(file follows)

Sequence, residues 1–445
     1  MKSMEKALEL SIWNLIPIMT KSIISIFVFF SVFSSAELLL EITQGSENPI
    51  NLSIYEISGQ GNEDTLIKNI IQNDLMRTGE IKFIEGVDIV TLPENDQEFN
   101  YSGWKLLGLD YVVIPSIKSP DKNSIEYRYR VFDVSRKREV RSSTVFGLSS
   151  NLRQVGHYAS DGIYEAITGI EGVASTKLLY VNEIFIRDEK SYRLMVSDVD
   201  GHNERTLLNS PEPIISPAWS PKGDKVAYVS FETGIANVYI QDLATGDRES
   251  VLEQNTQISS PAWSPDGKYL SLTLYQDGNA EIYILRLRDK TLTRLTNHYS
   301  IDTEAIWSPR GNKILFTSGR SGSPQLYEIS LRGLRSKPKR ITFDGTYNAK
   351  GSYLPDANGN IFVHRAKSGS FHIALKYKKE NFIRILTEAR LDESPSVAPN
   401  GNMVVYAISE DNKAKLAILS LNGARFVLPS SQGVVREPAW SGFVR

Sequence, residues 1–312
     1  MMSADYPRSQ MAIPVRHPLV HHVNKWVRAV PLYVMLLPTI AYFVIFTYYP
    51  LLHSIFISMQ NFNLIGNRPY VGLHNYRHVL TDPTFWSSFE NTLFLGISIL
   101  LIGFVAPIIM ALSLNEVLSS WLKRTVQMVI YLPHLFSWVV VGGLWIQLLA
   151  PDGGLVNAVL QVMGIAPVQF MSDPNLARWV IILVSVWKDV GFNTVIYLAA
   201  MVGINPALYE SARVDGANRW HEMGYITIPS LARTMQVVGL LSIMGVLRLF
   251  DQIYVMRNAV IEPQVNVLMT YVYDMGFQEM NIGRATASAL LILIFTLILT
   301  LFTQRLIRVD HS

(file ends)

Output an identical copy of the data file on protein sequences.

Sequence, residues 1–445
     1  MKSMEKALEL SIWNLIPIMT KSIISIFVFF SVFSSAELLL EITQGSENPI
    51  NLSIYEISGQ GNEDTLIKNI IQNDLMRTGE IKFIEGVDIV TLPENDQEFN
   101  YSGWKLLGLD YVVIPSIKSP DKNSIEYRYR VFDVSRKREV RSSTVFGLSS
   151  NLRQVGHYAS DGIYEAITGI EGVASTKLLY VNEIFIRDEK SYRLMVSDVD
   201  GHNERTLLNS PEPIISPAWS PKGDKVAYVS FETGIANVYI QDLATGDRES
   251  VLEQNTQISS PAWSPDGKYL SLTLYQDGNA EIYILRLRDK TLTRLTNHYS
   301  IDTEAIWSPR GNKILFTSGR SGSPQLYEIS LRGLRSKPKR ITFDGTYNAK
   351  GSYLPDANGN IFVHRAKSGS FHIALKYKKE NFIRILTEAR LDESPSVAPN
   401  GNMVVYAISE DNKAKLAILS LNGARFVLPS SQGVVREPAW SGFVR

Sequence, residues 1–312
     1  MMSADYPRSQ MAIPVRHPLV HHVNKWVRAV PLYVMLLPTI AYFVIFTYYP
    51  LLHSIFISMQ NFNLIGNRPY VGLHNYRHVL TDPTFWSSFE NTLFLGISIL
   101  LIGFVAPIIM ALSLNEVLSS WLKRTVQMVI YLPHLFSWVV VGGLWIQLLA
   151  PDGGLVNAVL QVMGIAPVQF MSDPNLARWV IILVSVWKDV GFNTVIYLAA
   201  MVGINPALYE SARVDGANRW HEMGYITIPS LARTMQVVGL LSIMGVLRLF
   251  DQIYVMRNAV IEPQVNVLMT YVYDMGFQEM NIGRATASAL LILIFTLILT
   301  LFTQRLIRVD HS